In 1988, the Institute of Medicine (IOM) released The Future of Public Health,1 a seminal report that found the national public health infrastructure to be in disarray. The IOM committee defined the mission of public health as fulfilling society's interest in assuring conditions in which people can be healthy. It then developed clear statements about the role of government in three core public health functions: assessing health status, developing policy, and assuring that necessary services are provided. Finally, the committee made specific recommendations for responsibility and action at the national, state, and local levels to achieve the core functions.
The 1988 IOM publication was ultimately complemented by the 1994 report of the Department of Health and Human Services (DHHS) Public Health Functions Steering Committee, which described 10 essential public health services that corresponded to the IOM core functions (Table 57-12). The core functions and essential services focused on the roles and responsibilities of governmental public health organizations at the national, state, and local level and were important for refocusing public health organizations and for promoting organized approaches to public health.
TABLE 57-1THE CORE FUNCTIONS AND TEN ESSENTIAL SERVICES OF PUBLIC HEALTH |Favorite Table|Download (.pdf) TABLE 57-1 THE CORE FUNCTIONS AND TEN ESSENTIAL SERVICES OF PUBLIC HEALTH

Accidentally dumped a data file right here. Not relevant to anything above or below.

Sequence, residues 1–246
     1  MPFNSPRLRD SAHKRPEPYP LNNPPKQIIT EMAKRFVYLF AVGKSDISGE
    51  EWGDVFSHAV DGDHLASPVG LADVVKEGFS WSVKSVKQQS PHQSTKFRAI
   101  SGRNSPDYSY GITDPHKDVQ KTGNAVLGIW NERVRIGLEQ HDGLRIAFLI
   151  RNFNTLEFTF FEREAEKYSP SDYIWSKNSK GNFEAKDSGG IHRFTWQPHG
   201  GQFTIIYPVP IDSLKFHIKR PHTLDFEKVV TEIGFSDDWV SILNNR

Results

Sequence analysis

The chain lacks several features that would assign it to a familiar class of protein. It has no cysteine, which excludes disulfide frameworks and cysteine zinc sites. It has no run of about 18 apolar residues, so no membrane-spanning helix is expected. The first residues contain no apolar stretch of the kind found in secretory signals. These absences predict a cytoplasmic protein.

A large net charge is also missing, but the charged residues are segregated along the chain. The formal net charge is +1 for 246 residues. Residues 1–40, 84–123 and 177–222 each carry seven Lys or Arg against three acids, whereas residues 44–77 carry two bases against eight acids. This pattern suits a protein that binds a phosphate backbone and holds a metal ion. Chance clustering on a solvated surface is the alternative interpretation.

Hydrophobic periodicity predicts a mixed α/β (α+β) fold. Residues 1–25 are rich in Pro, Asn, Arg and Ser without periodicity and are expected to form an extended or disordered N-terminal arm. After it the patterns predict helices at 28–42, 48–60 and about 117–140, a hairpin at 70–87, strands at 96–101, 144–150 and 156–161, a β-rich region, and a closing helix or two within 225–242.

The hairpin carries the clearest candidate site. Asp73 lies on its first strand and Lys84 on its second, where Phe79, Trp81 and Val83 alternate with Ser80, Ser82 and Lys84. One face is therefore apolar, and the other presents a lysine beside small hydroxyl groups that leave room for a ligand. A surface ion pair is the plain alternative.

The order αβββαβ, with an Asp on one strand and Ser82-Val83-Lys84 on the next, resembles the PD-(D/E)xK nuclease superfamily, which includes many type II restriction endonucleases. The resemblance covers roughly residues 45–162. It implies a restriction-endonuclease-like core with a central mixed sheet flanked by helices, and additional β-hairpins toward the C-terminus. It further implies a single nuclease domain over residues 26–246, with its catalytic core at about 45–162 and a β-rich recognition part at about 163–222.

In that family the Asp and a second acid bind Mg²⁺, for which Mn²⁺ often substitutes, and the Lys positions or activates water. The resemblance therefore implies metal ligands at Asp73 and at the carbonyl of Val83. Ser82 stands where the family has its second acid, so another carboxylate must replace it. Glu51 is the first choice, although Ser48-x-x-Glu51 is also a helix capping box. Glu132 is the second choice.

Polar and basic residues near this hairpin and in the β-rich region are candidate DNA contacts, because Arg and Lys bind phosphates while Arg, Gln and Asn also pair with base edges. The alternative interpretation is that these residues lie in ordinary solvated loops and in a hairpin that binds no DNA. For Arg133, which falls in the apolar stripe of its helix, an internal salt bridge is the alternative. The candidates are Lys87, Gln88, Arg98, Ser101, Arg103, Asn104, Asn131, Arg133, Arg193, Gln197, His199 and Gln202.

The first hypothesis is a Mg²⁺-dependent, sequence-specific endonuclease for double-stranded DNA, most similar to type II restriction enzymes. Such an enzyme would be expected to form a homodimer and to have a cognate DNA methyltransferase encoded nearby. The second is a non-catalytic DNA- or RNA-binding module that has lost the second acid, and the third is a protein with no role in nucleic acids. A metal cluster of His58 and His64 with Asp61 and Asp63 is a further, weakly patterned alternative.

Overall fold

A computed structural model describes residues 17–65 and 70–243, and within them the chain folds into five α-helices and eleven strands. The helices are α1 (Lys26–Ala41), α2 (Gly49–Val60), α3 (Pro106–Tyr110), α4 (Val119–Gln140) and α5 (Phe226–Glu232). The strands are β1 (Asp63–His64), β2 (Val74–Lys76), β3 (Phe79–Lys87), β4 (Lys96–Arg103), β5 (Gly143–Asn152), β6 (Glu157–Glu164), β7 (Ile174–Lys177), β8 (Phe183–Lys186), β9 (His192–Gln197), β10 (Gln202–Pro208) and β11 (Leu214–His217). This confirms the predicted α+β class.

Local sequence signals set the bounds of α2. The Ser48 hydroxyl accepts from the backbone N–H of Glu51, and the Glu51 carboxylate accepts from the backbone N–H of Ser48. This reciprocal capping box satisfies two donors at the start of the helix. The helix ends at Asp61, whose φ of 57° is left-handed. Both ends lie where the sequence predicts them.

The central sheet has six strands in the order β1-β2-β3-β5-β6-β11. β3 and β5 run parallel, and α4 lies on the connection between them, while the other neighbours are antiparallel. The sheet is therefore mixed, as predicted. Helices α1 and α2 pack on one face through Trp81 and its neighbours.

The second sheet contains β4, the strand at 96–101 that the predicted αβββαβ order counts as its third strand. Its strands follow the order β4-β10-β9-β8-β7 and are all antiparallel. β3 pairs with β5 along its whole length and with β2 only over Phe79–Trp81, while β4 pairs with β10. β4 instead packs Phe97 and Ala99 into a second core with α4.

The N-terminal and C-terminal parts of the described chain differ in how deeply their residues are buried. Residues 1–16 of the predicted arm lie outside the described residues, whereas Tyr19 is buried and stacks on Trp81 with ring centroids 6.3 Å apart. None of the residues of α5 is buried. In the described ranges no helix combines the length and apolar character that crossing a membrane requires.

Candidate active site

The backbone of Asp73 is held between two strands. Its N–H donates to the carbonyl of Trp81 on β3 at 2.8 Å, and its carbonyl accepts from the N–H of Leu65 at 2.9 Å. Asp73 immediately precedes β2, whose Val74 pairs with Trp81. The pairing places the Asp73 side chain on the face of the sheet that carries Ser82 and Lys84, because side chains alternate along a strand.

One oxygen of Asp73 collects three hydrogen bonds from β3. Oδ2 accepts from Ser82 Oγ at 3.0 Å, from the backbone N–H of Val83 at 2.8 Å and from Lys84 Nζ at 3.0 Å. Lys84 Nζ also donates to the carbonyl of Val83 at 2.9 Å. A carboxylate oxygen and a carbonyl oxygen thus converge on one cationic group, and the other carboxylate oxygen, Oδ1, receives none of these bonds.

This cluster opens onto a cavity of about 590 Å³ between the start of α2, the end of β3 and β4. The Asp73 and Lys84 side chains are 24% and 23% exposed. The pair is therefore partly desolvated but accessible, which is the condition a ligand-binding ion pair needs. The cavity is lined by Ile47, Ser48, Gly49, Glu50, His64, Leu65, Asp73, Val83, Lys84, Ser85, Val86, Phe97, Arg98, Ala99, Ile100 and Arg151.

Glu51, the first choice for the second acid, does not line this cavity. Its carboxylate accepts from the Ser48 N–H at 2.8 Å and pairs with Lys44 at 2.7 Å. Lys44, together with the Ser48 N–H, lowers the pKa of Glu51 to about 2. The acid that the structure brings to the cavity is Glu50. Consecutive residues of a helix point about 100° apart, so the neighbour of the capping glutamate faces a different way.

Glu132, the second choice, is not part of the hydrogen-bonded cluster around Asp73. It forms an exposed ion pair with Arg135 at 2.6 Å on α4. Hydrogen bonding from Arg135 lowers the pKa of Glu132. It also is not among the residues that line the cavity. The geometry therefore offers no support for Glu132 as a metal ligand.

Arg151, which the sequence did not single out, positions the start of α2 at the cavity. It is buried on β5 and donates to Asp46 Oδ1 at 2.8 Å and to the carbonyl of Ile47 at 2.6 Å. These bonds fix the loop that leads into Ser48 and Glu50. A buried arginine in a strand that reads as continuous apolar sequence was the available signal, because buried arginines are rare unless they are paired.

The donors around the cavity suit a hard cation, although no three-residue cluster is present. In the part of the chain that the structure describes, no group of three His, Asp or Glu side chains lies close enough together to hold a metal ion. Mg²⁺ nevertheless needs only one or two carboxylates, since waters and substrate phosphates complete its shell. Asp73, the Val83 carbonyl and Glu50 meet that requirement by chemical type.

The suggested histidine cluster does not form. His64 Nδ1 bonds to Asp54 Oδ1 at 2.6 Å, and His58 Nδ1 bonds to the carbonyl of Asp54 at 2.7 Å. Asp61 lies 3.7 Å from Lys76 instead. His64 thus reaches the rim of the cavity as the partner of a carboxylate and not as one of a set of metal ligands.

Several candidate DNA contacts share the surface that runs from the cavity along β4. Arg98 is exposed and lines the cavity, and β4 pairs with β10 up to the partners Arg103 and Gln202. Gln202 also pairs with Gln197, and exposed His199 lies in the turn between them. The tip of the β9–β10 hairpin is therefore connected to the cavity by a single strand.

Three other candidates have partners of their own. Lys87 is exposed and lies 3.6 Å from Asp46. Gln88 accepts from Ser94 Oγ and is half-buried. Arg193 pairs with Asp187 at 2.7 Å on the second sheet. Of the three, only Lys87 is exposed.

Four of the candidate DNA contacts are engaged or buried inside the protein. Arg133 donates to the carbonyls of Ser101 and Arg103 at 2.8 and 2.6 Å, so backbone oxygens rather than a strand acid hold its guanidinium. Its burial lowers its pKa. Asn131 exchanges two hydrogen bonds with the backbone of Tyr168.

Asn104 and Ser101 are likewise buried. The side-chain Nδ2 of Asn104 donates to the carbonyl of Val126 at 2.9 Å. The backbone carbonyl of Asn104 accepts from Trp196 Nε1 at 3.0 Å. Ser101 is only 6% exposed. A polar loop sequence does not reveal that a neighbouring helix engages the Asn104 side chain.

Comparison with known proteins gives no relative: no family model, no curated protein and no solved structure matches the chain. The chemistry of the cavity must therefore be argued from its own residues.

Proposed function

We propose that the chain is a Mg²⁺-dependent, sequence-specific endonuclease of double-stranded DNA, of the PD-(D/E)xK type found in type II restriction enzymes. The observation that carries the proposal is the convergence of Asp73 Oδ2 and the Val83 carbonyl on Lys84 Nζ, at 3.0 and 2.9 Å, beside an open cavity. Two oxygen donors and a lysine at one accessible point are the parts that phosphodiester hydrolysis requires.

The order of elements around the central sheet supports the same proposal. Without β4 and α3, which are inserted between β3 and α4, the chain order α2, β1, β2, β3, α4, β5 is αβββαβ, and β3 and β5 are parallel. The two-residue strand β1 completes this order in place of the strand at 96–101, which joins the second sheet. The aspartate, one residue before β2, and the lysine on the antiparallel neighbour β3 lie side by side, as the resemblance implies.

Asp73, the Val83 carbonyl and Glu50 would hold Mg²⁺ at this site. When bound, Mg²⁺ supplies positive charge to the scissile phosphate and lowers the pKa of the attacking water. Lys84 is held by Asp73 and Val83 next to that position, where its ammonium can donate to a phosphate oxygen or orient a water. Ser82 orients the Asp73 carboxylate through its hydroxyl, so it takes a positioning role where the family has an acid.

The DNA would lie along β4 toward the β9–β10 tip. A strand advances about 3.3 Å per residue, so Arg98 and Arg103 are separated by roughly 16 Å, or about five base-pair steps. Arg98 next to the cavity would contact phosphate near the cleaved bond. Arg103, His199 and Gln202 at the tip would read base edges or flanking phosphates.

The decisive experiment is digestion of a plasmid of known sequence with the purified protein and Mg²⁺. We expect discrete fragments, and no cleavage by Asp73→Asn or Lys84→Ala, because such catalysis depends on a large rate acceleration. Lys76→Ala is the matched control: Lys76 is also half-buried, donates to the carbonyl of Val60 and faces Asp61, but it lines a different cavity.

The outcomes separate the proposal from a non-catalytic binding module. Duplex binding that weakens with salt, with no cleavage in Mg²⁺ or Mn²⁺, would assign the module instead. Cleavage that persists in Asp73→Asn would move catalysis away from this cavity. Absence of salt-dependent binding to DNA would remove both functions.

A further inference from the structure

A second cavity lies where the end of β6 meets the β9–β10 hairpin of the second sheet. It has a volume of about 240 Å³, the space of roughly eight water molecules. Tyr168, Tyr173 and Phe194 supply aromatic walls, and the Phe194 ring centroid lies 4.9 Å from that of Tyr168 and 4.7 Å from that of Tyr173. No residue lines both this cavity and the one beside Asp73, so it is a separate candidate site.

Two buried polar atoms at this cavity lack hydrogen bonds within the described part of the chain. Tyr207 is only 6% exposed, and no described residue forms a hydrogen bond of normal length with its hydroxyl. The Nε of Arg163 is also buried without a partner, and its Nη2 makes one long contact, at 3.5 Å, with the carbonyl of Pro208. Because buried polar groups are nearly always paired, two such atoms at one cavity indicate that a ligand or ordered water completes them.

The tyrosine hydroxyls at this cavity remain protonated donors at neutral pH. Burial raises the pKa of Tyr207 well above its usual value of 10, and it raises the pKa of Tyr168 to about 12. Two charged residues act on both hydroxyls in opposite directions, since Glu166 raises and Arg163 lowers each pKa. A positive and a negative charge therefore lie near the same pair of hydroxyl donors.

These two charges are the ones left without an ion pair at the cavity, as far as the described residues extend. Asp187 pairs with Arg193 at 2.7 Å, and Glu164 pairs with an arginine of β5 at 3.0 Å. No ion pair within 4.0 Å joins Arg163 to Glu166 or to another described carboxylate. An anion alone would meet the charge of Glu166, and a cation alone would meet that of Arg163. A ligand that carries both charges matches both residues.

|Core Functions ||Essential Services |
|Assessment || |
|Policy Development || |
3. Inform, educate, and empower people about health issues.
4. Mobilize community partnerships to identify and solve health problems.
5. Develop policies and plans that support individual and community health efforts.
|Assurance || |
6. Enforce laws and regulations that protect health and ensure safety.
7. Link people to needed personal health services and assure the provision of health care when otherwise unavailable.
8. Assure a competent public health and personal health workforce.
9. Evaluate effectiveness, accessibility, and quality of personal and population-based health services.
|Serving all Functions || |
With the publication in 2003 of The Future of the Public's Health in the 21st Century,3 the IOM expanded its definition of public health to include all of society's efforts to achieve improved health. Recommendations addressed health policy at every level of American society and expanded efforts to enlist all sectors in improving health outcomes. For example, in this later report, recommendations for responsibility and action in public health are made not only for governmental entities but also for community representatives and organizations (e.g., congregations, civic groups, and ...